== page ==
Professors in particularly challenging fields of study are known to tell students early on, “Look to your left, look to your right. Two out of three of you will not be pursuing this major once this year is over.”
While that seems like tough language, the data backs it up. The National Center for Education Statistics says about 8 out of 10 college students will change their major at least once.
We all know of college students who are pre-med one minute and pursuing an architectural degree the next. A lot of those changes will be occurring early on, during the fall semester. We need to ensure that students, especially diverse students, don’t see this as a failure or setback but rather as an opportunity to help them find their way. Hopefully, some will take a path toward professions where their perspective and presence are critically needed.
For instance, I grew up dreaming of becoming the next Tom Brokaw, a TV broadcaster. Indeed, I’m now a communicator, but to a specialized audience. I’ve served as an early childhood educator and administrator for over 30 years. There aren’t a lot of men, let alone Black men, who’ve chosen a similar career path.
Less than 3% of preschool/kindergarten teachers (and less than 6% of child care workers) are men. It took my aunt’s gentle encouragement to initially lead me to work at a Head Start center.
Right away, Head Start put me into a program to earn a Child Development Associate® credential (CDA) at a community college. I learned about the CDA Competency Standards that help children move with success from one developmental stage to another. This gave me the confidence to understand how to nurture the emotional, physical, intellectual and social development of children. Later in college, I studied socioeconomics. The class reminded me how I thrived, growing up in economically challenging circumstances, thanks to the opportunities Head Start gave me.
Knowing that many college students will be making changes to their majors, we should help them understand that early childhood education requires professionals with many unique talents. In our culture, men often aren’t motivated to think of early childhood as an option, and minorities often aren’t presented with all the choices that exist. The Leading Men Fellowship and other initiatives help men from diverse backgrounds discover early education careers, whether they are in college or have yet to pursue a post-secondary education. We need to think creatively about how to open minds. When we hear a college student say they want to earn a degree and a good paycheck, we should help them understand the importance of pre-K to our economy.
As Fortune magazine reported, the U.S. child care market has a value of $47 billion. This is due in part to the 12.5 million children under age 6 who aren’t enrolled in kindergarten and spend part of every week being cared for by someone other than their parents, according to the U.S. Department of Education. And it’s a market that has room for growth; over half of U.S. children don’t have access to licensed child care, reports the Center for American Progress. We know all these factors are important to getting the economy moving again for working moms and dads as we recover from the COVID disruptions.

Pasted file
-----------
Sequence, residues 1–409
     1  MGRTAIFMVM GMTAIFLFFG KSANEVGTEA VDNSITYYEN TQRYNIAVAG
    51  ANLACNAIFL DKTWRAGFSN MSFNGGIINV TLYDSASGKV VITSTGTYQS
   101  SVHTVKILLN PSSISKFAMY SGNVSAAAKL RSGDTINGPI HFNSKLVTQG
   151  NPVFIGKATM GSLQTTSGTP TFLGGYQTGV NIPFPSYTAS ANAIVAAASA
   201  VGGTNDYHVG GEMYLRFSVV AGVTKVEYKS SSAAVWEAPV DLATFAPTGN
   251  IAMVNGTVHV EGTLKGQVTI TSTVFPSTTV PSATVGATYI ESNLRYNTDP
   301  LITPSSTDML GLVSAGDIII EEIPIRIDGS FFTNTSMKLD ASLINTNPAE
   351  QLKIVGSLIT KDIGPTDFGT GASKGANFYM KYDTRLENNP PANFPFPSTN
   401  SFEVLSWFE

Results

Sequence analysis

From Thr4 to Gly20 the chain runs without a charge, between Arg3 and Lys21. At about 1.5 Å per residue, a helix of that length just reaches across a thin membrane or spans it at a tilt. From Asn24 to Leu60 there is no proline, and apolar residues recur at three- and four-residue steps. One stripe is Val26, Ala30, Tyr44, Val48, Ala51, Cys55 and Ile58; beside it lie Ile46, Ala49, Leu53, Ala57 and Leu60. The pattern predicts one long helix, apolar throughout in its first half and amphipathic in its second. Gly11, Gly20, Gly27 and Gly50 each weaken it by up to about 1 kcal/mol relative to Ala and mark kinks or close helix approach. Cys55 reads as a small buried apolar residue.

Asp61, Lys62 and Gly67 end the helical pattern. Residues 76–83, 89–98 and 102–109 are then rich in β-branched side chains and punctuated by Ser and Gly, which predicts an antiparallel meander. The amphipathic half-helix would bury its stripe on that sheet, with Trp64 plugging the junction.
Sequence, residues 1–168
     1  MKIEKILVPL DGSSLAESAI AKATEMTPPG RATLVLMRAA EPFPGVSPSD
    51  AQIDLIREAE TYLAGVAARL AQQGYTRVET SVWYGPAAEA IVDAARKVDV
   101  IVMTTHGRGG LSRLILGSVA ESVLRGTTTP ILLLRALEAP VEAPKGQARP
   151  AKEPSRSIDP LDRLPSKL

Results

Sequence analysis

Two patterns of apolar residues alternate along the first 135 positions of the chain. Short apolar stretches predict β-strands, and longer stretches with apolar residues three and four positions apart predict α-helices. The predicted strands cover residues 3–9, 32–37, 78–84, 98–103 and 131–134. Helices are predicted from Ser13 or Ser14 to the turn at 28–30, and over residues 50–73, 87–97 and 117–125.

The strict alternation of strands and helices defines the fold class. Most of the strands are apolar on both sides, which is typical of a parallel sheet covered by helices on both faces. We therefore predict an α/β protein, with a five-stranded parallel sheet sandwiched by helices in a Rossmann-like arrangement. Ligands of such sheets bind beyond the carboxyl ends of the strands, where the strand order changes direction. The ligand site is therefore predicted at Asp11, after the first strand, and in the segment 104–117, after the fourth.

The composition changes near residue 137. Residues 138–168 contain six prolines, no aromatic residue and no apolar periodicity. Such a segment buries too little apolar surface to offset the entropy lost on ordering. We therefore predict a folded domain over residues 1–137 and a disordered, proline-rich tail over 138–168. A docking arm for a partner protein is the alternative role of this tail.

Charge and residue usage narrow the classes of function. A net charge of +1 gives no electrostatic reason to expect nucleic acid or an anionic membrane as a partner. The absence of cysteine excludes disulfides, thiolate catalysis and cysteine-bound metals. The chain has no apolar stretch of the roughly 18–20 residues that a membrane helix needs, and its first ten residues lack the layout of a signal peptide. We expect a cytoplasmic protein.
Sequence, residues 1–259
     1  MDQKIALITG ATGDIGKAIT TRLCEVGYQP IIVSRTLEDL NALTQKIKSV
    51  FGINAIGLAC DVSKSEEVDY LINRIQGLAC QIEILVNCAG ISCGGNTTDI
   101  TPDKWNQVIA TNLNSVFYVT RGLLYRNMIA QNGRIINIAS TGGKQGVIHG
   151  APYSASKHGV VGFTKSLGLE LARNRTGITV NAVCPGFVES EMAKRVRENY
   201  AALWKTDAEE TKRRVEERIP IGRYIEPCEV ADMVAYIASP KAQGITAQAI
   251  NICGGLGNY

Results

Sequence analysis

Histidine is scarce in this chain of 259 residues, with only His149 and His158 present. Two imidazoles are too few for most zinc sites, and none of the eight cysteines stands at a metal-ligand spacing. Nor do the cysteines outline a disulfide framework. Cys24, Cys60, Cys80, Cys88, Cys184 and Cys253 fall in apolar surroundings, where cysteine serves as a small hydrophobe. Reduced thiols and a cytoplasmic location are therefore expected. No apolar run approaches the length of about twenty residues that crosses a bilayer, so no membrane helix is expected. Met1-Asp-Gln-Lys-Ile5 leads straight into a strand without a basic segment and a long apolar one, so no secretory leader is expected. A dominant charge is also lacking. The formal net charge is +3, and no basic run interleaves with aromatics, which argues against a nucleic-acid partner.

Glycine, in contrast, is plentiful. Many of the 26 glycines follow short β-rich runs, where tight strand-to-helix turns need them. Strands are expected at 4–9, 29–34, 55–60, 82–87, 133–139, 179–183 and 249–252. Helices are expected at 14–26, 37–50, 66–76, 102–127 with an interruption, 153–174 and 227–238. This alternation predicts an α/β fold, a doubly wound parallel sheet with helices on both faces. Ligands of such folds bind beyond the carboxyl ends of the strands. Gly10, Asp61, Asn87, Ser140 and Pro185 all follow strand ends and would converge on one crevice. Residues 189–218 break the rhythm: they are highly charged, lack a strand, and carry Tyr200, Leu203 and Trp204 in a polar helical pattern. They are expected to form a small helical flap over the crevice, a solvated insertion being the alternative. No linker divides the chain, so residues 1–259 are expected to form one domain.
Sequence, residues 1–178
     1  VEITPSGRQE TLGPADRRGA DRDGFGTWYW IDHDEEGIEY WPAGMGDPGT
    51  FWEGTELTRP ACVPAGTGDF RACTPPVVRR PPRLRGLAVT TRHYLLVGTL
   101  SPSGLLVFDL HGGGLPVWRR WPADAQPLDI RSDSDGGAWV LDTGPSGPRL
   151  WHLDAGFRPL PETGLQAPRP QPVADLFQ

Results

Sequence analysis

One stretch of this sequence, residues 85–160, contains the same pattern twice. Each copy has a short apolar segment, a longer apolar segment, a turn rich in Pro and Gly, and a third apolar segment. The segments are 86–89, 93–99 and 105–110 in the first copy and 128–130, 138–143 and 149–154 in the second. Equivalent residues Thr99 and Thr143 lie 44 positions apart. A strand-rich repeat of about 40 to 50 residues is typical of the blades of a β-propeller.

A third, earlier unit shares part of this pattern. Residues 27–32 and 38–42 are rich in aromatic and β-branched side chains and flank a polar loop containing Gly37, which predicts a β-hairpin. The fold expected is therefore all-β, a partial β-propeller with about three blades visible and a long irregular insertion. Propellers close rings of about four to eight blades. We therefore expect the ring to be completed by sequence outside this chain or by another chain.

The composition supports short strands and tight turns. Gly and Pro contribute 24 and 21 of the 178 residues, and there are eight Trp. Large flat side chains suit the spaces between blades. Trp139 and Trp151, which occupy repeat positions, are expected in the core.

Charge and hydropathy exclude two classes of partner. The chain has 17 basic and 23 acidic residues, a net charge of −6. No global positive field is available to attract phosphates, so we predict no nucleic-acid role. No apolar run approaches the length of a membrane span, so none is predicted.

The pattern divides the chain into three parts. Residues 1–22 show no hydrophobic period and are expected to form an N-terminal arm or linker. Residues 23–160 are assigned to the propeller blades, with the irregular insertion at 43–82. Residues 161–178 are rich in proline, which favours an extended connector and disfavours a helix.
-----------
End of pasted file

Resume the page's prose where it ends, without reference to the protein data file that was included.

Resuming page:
Anyone interested in being a manager would gain incredible experience trying to manage a pre-K classroom while juggling staffing demands and simultaneously handling the concerns of nervous parents.
College students interested in health care should also consider early childhood careers (yes, kids spread a lot of germs), and those who like the arts and music would be terrific teachers — there’s no better audience than a group of wide-eyed 3-year-olds.
We’re also a profession that embraces college graduates who want to work with us a few years and then move on. In fact, we see the CDA as the first step of a career ladder.
My career has led me to serve as the CEO of the Council for Professional Recognition, the first leader of this organization to also earn a CDA. We have nearly 1 million CDA-holders around the world. We’re a powerful, insightful group that plays a key role in helping close the COVID-related learning gap while also bringing equity to education.
It’s been said before, but we have enough college students working on Wall Street. We need more grads, especially from diverse populations, working on Main Street in early childhood centers. The words of advice we provide in the coming months to college degree-changers will have a powerful impact on their life choices. Let’s make sure they see the full array of options before them.
Dr. Calvin Moore, Jr., is the CEO of Council for Professional Recognition